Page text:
“I care enough to break the very best,” says Angela in one of the show’s several lines straight out of “How to Write for Sitcoms.” In another, Light growls at her son: “I’m warning you, Joan Crawford was my idol!”

How many 7-year-olds, do you suppose, would understand that? Next week’s installment is built around Tony surprising Angela while she’s taking a bubble bath. Light concedes: “This series isn’t ‘Medea.’”

But some lines work, and Danza-Light make an appealing pair. With enough help from “People Do the Craziest Things,” which precedes it, “Boss” could make it.

But what’s a classical actress doing in a sitcom? For that matter, what was Judith Light doing spending five years in a soap opera? Besides making money.

“Money isn’t it,” she insisted. “You can survive doing repertory theater. I’m here to make a larger name for myself so I can do more work. You create your own life. All experiences are for learning and growing.

“One reason that the Karen Wolek character was so strong is that I was theater-trained. And I’ll bring that same thing to this sitcom.

“Tony and I have different backgrounds; he was a boxer who was ‘discovered’ for movies [“Fast Lane Blues”]. We’re learning from each other. Our styles are different, but the chemistry works. And, unlike the soap opera, I’m performing in front of a live audience again; it’s like doing theatrical comedy.”

In Los Angeles this summer when I’d interviewed Danza and Light together, he took over. And when this tough-talking Brooklynite wants to dominate, even a strong-willed actress like Judith Light can’t get in the way.

He said his boxing career ended with a 12-3 record because “my eyes were in the back of my head.”

As he climbed aboard “Taxi,” working with such trained actors as Judd Hirsch and Danny DeVito worried him a lot. “But they welcomed me with open arms. That training ground changed my life.”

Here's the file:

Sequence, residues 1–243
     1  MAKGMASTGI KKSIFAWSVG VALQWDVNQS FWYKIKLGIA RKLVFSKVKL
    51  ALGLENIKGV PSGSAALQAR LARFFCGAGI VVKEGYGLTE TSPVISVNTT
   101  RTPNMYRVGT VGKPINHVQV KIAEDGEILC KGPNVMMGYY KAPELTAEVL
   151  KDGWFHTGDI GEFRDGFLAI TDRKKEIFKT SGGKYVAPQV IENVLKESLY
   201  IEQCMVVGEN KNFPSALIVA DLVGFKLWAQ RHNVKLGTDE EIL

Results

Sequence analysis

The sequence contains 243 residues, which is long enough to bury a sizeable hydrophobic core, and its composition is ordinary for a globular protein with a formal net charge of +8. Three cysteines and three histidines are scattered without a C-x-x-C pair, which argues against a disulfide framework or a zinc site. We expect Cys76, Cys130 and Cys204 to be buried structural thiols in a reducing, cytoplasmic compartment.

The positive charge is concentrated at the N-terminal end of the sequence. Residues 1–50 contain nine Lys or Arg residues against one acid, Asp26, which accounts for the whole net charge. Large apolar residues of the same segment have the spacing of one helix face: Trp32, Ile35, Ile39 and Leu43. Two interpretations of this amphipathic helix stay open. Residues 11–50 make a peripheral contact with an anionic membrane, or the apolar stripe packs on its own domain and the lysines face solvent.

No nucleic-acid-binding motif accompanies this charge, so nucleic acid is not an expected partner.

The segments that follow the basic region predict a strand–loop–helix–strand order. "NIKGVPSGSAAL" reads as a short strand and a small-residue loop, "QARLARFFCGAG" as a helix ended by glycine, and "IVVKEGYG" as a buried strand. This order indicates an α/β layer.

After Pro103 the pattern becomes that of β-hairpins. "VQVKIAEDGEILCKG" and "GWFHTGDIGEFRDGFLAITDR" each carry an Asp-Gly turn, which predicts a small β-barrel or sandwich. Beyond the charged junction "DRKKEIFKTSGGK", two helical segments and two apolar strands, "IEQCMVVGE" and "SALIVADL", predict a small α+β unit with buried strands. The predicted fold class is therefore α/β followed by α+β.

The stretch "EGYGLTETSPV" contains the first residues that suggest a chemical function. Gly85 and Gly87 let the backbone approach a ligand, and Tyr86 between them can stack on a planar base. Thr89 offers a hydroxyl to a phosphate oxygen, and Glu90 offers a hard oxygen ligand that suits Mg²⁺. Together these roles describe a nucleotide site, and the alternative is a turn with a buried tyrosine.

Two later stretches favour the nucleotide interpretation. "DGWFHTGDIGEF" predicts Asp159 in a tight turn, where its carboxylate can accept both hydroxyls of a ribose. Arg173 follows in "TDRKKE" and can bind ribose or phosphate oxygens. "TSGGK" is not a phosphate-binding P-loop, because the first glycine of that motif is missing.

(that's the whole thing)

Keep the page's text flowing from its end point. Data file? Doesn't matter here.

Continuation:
But not entirely. The day in 1983 he learned that “Taxi” was canceled, Danza got into a public fight with a boxing promoter. Then came the hotel brawl, which Danza said was self-defense. (The judge called that claim “absurd.”)

Despite his “dese-dem-dose” vernacular, Danza seems pretty gentle on the tube. What, I asked Light, is he really like?

“Charming, with the wonderment and aliveness of a child. There are no stops on his creativity, and he’s exciting to watch. And he’s a gorgeous hunk, even better looking in person.”

So he makes a nice match for Light, with her wavy blonde hair and brown eyes. Unmarried, she’s been seeing actor Robert Desiderio, her castmate on “One Life to Live,” for three years.

How would she describe “Who’s the Boss?”

“It’s a show about relationships, using humor to show people learning from each other. There’s some double entendre but it’s all right for kids. There are children in it, and they’re funny, warm and intelligent. But the show is mostly about Tony, Katherine and myself.”

Eventually, Light hopes to do movies and more classics. “I love to act, to reach out and communicate with people, to sculpt with my emotions. I find the human psyche fascinating.”

She’s proud of the learning years she spent in Milwaukee. And of her Rep colleagues also making it in Hollywood and New York: Jeff Tambor, Charles Kimbrough, Raye Birk, Candace Barrett and others.

Here, a ringing phone interrupted.

“I’ve got to grab that,” she said, “the pump in our swimming pool is broken.”

Despite her fond memories of Milwaukee and the theater, it seems clear that, for now at least, Judith Light has gone Hollywood.

But she hasn’t sold out. After years of polishing her dramatic skills on soap opera, Light has changed direction to brush up on comedy. There, she’s always had a light touch.

But there’s peril here. In TV, you’re as hot as your current show. And if “Who’s the Boss?” crashes, Light could get caught in the wreckage. For an actress only about five years away from Hollywood’s disposable 40s, that could be dangerous to her health.

What then? Well, there’s always “Medea.”